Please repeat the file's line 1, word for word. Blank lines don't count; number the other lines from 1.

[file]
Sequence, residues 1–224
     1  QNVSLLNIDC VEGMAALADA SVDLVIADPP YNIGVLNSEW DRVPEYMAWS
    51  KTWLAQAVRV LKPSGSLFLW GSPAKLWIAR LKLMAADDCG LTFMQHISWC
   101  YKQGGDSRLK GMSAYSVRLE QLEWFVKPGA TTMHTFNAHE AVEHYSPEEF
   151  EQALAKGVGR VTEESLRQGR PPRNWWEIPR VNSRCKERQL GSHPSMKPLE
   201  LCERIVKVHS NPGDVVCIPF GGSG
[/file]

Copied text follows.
Sequence, residues 1–224